Ask the Vet: Allergens & Paw Licking
The Question: Why is my dog obsessed with licking his paw? He started this after a move. Is it anxiety? He seems totally fine until we sit down for the evening. The quietness starts...Baxter starts licking. It drives me mad! -JJ Smith
My first question is: From where did you move? Even if you moved here from another southern town, the allergens in Charleston seem to be pretty bad for dogs AND their human house mates. Even if you moved from Folly Beach to Summerville, the allergens in the yard can change based on the types of trees and plants in the area. Even if you moved across the street, it could be as simple as the neighbor’s cat is not on flea prevention, and is therefore perpetuating a flea problem in your yard. Even if your dog is on flea prevention every month, and you never see a single flea, and you treat the yard, he/she might be suffering from a few extra bites that cause itchy skin and feet chewing. Flea allergies are not the same as a flea infestation, and flea allergies are very real.
My second question is: Did the food change? Are you giving Baxter extra treats or people food because the dog food is packed away in a box? Food allergens are notorious for creating feet licking and ear infections. And sometimes, dogs that have been eating the same food their entire lives can become allergic to that food. Many people have the same problem and discover food allergies in their 20’s and 30s that never seemed to be a problem in their teens.
Allergies are always the underlying cause until proven otherwise, but it is true that anxiety can play a part. More often than not, the allergy leads to a secondary infection with yeast or bacteria. This makes the foot even itchier, so they lick more. Dogs are nervous in a new environment, and so the licking can become an ingrained or OCD behavior. Then, even when the allergens are controlled, the dog continues to lick which can create an infection. They can actually make a skin problem WORSE if they are obsessive about licking - Hence the dreaded lampshade around the neck, which is needed to break the cycle. But if the allergy is not controlled, the itching and licking will never stop.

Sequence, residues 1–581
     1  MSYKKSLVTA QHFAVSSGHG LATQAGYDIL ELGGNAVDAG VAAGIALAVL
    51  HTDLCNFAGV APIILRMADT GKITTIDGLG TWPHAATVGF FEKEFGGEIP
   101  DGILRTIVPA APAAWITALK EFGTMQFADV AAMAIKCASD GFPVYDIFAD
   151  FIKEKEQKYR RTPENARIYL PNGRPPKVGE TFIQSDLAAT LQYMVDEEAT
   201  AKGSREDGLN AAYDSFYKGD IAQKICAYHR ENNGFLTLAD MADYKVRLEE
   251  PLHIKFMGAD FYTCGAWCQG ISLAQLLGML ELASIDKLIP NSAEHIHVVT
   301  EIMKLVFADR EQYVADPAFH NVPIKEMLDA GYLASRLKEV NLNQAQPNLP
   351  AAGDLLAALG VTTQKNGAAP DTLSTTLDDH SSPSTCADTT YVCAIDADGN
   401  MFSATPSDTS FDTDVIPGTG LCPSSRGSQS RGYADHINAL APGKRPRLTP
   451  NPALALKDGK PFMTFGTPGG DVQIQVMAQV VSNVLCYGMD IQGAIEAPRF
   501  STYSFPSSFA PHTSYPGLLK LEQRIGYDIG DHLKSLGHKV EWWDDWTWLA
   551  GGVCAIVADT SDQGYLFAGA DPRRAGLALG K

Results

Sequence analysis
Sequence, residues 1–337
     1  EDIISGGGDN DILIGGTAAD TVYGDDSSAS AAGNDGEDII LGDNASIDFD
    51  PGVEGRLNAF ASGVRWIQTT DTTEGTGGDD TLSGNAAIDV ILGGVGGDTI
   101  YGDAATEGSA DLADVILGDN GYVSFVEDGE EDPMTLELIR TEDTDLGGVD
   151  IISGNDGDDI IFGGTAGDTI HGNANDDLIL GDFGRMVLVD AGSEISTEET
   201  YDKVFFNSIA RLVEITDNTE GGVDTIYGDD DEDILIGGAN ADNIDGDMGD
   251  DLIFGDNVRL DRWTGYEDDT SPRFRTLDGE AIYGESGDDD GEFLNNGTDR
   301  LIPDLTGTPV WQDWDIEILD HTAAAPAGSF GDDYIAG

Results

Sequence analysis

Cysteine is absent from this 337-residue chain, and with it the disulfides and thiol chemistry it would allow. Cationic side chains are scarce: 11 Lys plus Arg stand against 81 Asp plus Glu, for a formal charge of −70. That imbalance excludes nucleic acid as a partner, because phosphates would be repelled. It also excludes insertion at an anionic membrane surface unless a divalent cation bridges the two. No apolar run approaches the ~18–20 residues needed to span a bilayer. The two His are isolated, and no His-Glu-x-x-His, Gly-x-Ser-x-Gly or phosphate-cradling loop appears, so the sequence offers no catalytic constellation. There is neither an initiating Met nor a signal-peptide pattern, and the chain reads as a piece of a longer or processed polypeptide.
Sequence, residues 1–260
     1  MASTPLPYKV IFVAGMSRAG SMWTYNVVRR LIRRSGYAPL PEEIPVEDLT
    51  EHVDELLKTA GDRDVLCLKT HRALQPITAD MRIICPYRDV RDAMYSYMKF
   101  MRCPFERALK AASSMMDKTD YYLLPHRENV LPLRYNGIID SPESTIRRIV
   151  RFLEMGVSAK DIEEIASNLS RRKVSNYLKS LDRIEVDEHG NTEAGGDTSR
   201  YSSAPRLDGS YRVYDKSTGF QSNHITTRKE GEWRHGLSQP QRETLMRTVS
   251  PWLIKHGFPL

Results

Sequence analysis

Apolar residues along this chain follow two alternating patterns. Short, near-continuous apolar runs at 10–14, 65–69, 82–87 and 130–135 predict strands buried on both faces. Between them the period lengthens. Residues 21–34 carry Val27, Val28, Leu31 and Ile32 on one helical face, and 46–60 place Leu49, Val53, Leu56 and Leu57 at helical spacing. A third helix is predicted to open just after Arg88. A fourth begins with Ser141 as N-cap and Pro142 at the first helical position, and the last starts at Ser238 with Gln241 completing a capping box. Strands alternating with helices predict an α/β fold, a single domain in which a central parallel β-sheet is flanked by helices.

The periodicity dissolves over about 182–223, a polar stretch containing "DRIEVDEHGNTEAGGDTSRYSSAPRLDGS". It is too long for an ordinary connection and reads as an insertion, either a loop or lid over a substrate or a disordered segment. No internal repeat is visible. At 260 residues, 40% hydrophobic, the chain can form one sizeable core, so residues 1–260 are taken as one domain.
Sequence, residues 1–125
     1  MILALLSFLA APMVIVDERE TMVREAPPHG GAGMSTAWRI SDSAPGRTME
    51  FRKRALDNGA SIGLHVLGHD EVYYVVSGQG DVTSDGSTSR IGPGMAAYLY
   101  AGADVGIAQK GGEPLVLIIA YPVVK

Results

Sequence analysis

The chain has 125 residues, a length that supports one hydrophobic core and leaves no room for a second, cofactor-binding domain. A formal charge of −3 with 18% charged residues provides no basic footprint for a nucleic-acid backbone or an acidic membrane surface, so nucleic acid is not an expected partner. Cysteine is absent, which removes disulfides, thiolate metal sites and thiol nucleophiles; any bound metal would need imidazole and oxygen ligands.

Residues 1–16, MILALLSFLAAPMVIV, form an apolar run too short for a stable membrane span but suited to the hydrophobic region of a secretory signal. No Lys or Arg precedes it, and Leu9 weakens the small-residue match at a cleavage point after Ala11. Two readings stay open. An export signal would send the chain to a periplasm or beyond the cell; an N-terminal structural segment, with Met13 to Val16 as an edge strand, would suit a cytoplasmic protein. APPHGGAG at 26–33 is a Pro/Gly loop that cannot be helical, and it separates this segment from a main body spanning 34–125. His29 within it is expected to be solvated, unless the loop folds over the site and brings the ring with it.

Dr. Danielle Cain is originally from Long Island, NY where she grew up riding horses, rehabilitating wild animals with her family, and fostering stray dogs and cats. She completed a bachelor's degree in biology at the University of Delaware with a focus in genetics and the aim of researching reproduction in endangered animals. While working as a veterinary technician she fell in love with the profession and decided to pursue a career in veterinary medicine at North Carolina State University. Dr. Cain has worked extensively with turtles, has experience with reptiles and other exotics, and has a passion for wildlife rehabilitation. After veterinary school, she completed a rotating medicine and surgery internship in San Diego, and worked in several California practices. She then relocated to Charleston in 2005, where she lives with her two rescued cats, Una and Bagheera.